Data Science Can Help & More Work to Do

State legislation and government oversight are good first steps toward equal pay and inclusivity. Creating a foundation that supports pay transparency will move the needle in the right direction and make efforts toward wage equality more commonplace. However, forced inclusion and transparency can only go so far. Significant reductions in the wage gap may require companies to undergo a cultural shift that allows them to revise their core policies in more equitable ways.

An example of a meaningful cultural shift would be implementing regular equity audits which employ new, innovative, critical, and revealing insights. The goal is for companies who are dedicated to reducing wage and pay gaps to bring new tools and a new vigor to the work. Another potential solution is for organizations to partner with outside organizations. By allowing external organizations to review pay and wage equity, there may be an added measure of accountability and objectivity.

Because data science is a multi-disciplinary field and because pay and wage disparity is a inter-disciplinary problem it seems natural to include data scientists in the mix of professionals who can better understand and solve this problem. By bringing together our different strengths in the field of data science and by encouraging a culture of openness and collaboration, we can begin eliminating pay gaps.

For Those Transitioning Into Data Science

Most of those who are in the process of a career transition or those interested in career advancement value transparency from their current or potential employers. Companies should see these new regulations as a win-win – if done well, compliance with these laws will attract higher quality and more engaged candidates. Employer transparency breeds an environment of trust, which is a valuable tool in creating a healthy company culture. Employees who feel informed, involved, and respected perform better.

Some companies, who provide data science consulting might even find opportunities for business development here. Less data-savvy and less tech-savvy employers will need help from consultants who can help understand and solve this problem. In other words, equity also makes for a business opportunity.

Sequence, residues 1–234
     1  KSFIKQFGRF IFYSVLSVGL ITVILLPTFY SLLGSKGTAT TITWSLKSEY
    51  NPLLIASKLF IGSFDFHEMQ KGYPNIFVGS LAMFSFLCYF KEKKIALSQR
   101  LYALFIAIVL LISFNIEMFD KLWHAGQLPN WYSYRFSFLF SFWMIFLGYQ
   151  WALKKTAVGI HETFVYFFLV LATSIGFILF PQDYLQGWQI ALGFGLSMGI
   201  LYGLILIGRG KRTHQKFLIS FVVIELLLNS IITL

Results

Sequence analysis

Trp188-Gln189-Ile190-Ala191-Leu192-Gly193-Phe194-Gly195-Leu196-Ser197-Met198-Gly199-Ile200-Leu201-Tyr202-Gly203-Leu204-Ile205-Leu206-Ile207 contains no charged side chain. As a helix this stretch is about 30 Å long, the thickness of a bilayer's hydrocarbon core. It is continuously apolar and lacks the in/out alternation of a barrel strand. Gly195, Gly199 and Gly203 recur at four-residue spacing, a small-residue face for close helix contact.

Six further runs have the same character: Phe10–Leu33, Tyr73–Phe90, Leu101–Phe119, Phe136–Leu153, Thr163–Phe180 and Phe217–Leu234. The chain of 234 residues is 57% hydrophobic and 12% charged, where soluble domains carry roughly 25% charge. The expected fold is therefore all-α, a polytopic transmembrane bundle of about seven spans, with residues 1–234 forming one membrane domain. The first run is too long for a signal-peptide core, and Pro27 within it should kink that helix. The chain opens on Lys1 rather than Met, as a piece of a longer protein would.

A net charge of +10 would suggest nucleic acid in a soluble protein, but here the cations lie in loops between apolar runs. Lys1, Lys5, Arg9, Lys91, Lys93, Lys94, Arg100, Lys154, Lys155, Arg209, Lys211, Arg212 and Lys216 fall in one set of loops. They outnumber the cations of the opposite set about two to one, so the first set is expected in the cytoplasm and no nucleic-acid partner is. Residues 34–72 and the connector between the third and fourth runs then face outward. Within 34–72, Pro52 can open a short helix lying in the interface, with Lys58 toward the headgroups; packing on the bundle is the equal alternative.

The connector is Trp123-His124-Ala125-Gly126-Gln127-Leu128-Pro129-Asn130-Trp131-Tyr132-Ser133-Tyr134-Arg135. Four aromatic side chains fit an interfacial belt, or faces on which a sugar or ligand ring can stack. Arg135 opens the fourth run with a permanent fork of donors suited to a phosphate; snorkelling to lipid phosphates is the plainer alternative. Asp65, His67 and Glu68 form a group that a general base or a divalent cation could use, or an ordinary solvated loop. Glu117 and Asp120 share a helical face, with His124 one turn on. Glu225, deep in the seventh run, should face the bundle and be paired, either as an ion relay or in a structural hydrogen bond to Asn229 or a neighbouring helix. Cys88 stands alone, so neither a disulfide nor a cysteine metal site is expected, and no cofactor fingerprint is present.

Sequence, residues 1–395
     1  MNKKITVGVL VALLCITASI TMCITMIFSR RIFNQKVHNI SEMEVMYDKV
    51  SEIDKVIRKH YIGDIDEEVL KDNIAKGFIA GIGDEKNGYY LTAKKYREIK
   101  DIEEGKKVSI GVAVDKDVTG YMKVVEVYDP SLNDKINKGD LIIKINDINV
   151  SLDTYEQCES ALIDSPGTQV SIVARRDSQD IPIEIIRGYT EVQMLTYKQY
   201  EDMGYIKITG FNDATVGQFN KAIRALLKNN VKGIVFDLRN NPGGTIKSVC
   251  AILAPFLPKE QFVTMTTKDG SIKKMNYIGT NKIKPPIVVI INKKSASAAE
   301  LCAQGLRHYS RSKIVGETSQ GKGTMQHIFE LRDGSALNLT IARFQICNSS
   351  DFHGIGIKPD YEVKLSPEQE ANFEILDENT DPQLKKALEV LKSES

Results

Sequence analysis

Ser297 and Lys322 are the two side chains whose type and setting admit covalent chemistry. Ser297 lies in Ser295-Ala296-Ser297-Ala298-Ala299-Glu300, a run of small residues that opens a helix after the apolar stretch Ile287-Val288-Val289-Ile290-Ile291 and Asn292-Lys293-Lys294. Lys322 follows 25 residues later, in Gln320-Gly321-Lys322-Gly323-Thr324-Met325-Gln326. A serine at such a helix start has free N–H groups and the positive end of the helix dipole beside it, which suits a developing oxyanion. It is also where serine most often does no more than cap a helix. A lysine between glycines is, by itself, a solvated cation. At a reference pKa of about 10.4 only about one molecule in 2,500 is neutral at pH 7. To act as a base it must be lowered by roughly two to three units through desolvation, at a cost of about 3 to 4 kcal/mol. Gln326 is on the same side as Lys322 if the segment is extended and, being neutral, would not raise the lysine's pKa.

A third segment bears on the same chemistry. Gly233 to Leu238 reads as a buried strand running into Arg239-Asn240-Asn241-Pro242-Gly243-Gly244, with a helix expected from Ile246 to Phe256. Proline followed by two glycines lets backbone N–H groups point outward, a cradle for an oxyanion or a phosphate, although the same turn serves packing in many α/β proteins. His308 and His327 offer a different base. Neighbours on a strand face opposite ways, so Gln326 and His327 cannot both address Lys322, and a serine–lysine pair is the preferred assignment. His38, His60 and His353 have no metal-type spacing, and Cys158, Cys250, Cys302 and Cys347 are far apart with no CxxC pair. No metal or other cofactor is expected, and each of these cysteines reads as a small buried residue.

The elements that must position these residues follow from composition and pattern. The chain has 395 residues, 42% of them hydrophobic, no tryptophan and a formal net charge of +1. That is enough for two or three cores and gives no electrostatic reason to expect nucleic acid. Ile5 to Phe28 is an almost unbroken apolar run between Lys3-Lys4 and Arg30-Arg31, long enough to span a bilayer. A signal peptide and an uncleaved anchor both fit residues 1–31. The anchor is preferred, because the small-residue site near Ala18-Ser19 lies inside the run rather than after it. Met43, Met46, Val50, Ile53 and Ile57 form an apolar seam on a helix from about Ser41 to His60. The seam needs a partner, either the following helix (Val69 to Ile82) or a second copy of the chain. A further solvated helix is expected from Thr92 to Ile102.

Above And Beyond

There are specific and measurable reasons employers should go above and beyond the California and New York requirements. As demonstrated by research from Tel Aviv University, pay secrecy reduces employee performance. This experiment divided student workers into two groups. According to the study protocol, one group of employees could discuss pay. The other group could not to discuss pay. The group of student workers that had been allowed to discuss pay outperformed the group that had not been allowed to discuss pay [2].

A study done by Emiliano Huet-Vaughn, a professor at Middlebury College during his doctoral program at the University of California - Berkeley, gave students money in return for data entry work. The people taking part in the study did the tasks over two rounds. At the finish of the first round, one group was given information on how much they earned and their performance. The other group was not given any information about how much money they could make or their level of performance. The study showed that in the second round of data entry, the group with this type of information performed better than those without it. Therefore, when workers can see that their pay is based on how well they do their job, it gives them an incentive to work harder and earn more money [3].

In general, employers who offer complete pay transparency have had positive feedback from their workers. So-called “complete pay transparency” is not a small commitment. Complete pay transparency means that no salary or pay rate is private, including that of upper management and C-Suite executives. This particular method does a lot to inspire upward movement and career advancement goals for employees, as they see what their pay could be if they work toward promotional opportunities within the company.